Danielle Cabrera fell in love with libraries as a student at Mt. San Antonio College.
While there, she developed an interest in researching and befriended the librarians. She carried that love with her to Cal Poly Pomona when prior to transferring to the university in 2020, the psychology senior met the librarians at CPP and found out about the Library Club. That networking opportunity led to a leadership roll for Cabrera, who serves as the club’s president and champions the University Library’s benefits.
“It’s all about what the library can offer you,” she said. “The library is for everyone.”
Involvement in campus clubs and activities plays a key role in student development, including both learning and personal growth, according to La’Keisha Beard, interim associate director of student life and cultural centers.
“Connection and engagement are important because they support student retention and graduation,” Beard said. “Engagement also helps students develop skills that will support them beyond the university as they enter the workforce or attend graduate school.”
Those who are more active also tend to be more knowledgeable about how to navigate campus and where to go if they need additional help, she said.
“Students that are involved have a stronger sense of belonging. They tend to more aware of and connected to campus resources,” Beard said. “Getting involved is a great way to connect with campus faculty and staff.”
Vanessa Perez, outreach supervisor of Associated Students, Inc.’s Bronco Events and Activities Team (BEAT), got involved two to three years ago when she attended a volunteer program and met ASI staff members. BEAT promotes student engagement, school spirit and personal development on campus through live and virtual events.
“You need to put yourself out there,” Perez said of getting involved. “It’s not hard to take the first step.
The university provides many opportunities to take the first step, including the MyBar website where students can type any topic —from self-care to math to horses — that might interest them in the search box.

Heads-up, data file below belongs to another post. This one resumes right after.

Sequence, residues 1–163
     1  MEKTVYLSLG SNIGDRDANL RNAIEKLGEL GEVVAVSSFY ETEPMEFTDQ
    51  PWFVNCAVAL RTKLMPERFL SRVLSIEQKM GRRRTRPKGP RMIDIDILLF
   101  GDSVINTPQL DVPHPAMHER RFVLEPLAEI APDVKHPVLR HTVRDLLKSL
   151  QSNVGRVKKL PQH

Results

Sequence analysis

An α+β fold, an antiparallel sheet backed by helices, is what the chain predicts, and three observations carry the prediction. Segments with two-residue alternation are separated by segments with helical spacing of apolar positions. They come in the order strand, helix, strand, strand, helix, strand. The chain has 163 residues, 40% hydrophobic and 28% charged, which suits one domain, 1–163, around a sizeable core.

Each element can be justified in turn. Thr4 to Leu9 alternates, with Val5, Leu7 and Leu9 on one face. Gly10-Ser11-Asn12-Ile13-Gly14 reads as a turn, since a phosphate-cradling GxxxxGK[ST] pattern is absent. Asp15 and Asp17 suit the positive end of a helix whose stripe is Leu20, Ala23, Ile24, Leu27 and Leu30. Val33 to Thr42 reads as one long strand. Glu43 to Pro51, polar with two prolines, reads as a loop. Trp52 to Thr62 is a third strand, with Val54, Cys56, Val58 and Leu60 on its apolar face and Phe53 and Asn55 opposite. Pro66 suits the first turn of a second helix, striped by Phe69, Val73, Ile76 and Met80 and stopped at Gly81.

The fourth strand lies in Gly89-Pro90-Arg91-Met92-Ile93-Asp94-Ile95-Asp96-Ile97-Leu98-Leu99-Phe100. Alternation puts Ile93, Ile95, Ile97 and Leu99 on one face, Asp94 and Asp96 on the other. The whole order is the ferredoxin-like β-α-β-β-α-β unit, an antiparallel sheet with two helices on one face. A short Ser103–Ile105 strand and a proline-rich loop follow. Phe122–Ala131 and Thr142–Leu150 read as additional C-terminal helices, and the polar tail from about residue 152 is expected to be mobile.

For those not sold on joining a club just yet, the MyBar events page includes both on-campus and online events that students can filter by dates, themes, and even the perks of attending.
Events on campus this year will have to follow the best practices set by the Safer Return Task Force. All events are required to have a list of attendees that includes emails and phone numbers. All attendees must complete a campus or guest health screener prior to attending, as well as wear face masks and practice social distancing.
Zane Landin, president of the university’s chapter of the Public Relations Student Society of America, said although COVID has changed the way clubs do things, they still provide community and an opportunity to get involved.
“If you feel like being somewhat social but don’t want to leave your house, you can find an online event to attend.”
There are more opportunities online now than before for students who are more introverted, Landin added.
Another benefit of joining a club is networking opportunities.
Networking allows students the opportunity to meet other students and professionals with the same interests and provides students with both the resources and support they need to reach their future goals, he said
“Joining clubs and student organizations is helpful with networking and meeting new faces,” said Landin. “Joining clubs and student organizations to meet like-minded people is important and hopefully, can help you feel a sense of belonging at the university.”